As Russia refuses to deliver sophisticated S-300 missile defense system to Iran, a top Iranian lawmaker says Moscow must compensate Tehran for its unilateral violation of the deal.
“Russia must pay compensation to Iran with regard to its (refusal) to deliver the missile,” Mehr news agency quoted Head of Majlis (Parliament) National Security and Foreign Policy Committee Alaeddin Boroujerdi as saying on Tuesday.
He expressed hope that Russia would implement the agreement and not be influenced by the US pressure and said Tehran would make efforts to settle the dispute with Moscow.
“In the second step, if Russia has finalized its decision about the S-300 missiles, it should adopt measures to pay compensation to Iran,” Boroujerdi added.
The Iranian lawmaker emphasized that the two countries need no third legal entity to solve the problem.
“We will try to reach an agreement with Russia and there is no need to a legal entity to resolve this problem,” he added. “If we do not reach an agreement, we may need a legal entity.”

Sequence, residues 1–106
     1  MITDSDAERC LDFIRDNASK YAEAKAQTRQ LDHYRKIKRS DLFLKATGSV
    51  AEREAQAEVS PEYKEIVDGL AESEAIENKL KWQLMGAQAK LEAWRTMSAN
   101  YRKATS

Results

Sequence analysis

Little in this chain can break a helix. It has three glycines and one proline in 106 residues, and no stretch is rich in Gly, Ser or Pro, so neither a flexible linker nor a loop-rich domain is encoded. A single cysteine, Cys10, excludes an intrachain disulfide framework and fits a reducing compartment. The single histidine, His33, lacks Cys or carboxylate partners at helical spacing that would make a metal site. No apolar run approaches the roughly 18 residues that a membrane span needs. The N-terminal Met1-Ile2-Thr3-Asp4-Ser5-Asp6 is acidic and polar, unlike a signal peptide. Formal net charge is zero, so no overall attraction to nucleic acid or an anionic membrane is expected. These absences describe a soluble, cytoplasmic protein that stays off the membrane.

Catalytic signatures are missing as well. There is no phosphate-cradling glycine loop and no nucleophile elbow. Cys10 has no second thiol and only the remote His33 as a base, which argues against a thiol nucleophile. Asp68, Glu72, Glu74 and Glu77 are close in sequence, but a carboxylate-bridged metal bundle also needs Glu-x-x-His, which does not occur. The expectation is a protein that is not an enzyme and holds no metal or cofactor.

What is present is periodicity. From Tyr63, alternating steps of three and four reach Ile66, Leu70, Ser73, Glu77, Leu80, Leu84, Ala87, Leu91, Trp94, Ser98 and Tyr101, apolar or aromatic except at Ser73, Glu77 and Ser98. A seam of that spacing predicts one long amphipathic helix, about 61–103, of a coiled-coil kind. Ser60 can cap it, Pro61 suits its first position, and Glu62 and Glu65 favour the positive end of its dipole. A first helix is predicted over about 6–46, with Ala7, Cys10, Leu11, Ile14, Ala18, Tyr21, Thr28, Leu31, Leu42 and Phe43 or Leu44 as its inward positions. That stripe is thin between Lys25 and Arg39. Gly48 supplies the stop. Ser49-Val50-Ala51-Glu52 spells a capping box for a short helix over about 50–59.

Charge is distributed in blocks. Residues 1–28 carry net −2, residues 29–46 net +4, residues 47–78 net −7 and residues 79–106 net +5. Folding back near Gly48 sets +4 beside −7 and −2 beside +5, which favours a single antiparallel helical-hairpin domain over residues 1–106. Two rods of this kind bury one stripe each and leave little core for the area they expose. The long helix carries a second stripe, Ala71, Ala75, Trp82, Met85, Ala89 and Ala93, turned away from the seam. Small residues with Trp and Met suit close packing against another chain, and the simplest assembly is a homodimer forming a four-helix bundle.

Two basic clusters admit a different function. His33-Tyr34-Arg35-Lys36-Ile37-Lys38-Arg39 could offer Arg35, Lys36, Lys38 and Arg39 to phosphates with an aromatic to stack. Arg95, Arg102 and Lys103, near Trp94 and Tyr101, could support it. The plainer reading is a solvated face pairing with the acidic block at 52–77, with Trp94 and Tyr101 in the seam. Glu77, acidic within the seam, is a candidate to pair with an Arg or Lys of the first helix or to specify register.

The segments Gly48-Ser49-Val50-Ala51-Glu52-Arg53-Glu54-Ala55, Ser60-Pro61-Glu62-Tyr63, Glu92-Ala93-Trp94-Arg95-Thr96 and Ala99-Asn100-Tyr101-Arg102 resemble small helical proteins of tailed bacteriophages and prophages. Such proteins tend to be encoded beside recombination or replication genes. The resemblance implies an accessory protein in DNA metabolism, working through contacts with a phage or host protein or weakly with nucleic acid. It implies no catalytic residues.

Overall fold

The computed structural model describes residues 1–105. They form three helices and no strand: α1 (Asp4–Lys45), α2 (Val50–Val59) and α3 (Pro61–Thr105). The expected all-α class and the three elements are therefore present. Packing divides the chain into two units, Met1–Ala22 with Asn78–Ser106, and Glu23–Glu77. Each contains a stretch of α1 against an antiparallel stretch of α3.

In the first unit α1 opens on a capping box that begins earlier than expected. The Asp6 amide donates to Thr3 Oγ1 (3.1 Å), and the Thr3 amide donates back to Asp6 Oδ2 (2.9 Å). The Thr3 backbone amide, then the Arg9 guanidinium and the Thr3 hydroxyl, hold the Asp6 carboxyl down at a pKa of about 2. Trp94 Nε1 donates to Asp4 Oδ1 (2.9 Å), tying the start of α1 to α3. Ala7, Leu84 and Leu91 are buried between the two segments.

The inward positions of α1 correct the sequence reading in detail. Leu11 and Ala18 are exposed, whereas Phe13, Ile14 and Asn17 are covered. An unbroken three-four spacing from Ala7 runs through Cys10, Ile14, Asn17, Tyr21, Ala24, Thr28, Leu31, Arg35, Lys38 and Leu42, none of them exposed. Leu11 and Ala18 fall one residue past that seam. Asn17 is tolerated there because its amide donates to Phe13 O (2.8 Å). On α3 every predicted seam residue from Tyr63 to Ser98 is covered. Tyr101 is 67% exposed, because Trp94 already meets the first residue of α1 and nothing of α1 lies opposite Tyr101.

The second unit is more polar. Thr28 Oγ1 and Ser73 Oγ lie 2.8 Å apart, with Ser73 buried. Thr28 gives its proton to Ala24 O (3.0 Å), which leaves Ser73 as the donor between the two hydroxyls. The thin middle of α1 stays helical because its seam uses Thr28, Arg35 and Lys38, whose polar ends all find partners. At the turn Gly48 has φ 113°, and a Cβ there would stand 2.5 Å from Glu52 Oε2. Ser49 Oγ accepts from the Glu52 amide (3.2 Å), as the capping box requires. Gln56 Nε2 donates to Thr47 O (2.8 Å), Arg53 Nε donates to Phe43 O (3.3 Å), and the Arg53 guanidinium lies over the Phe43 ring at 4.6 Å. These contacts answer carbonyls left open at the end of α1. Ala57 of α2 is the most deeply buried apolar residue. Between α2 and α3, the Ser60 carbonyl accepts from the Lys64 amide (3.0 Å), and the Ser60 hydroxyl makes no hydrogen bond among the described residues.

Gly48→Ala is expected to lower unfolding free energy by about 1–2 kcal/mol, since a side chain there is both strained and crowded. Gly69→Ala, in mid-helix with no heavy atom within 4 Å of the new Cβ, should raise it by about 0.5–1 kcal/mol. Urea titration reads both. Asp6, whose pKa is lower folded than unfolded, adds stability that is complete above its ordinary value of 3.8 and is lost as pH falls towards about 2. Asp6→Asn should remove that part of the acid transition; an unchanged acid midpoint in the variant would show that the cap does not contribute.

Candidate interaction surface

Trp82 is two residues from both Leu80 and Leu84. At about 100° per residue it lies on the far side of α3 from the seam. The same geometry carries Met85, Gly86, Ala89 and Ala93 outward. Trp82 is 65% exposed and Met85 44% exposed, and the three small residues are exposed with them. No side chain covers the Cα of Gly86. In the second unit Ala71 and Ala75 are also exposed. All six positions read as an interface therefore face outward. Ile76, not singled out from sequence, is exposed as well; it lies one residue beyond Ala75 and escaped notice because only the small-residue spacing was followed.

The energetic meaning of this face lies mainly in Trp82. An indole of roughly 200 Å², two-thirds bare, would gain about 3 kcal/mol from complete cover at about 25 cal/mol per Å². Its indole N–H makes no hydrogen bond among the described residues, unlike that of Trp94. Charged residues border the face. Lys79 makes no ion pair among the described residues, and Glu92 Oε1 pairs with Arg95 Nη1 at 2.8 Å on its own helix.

After continuous delays and mixed signals regarding the delivery of the sophisticated S-300 missile defense system to Iran, Russian President Dmitry Medvedev issued a decree in September prohibiting the delivery of the defensive system to Tehran.
Despite Iran’s strong objection to the Russian move, Moscow argues that the ban is justified under the UN Security Council (UNSC) Resolution 1929 against the Islamic Republic.
Iran, however, rejects Russia’s justification, arguing that the contract concerns a purely defensive system and that the system was supposed to be delivered long before the UNSC resolution.
On June 9, the UNSC passed a new US-engineered anti-Iran sanctions resolution over unsubstantiated claims that Tehran’s nuclear program may include a hidden military application.
Tehran has repeatedly rejected the claims, saying that its nuclear program is aimed at producing energy for peaceful purposes.
Iran also says Russia’s refusal to deliver the system to the country is in violation of a contract between the two countries, warning that it may sue Russia over the cancellation.
Earlier in October, Russian Technologies chief Sergei Chemezov said his country is planning to reimburse Iran for cancellation of a contract to deliver the S-300 missile defense system to Iran.
“We are now preparing all the necessary documents. Talks are underway on how to compensate for Iran’s outlay,” he said.
The official, whose company includes arms exporting monopoly Rosoboronexport, said that Russia was unlikely to reimburse Iran by the end of the current year and refused to put a figure on the amount Moscow intends to return to Tehran.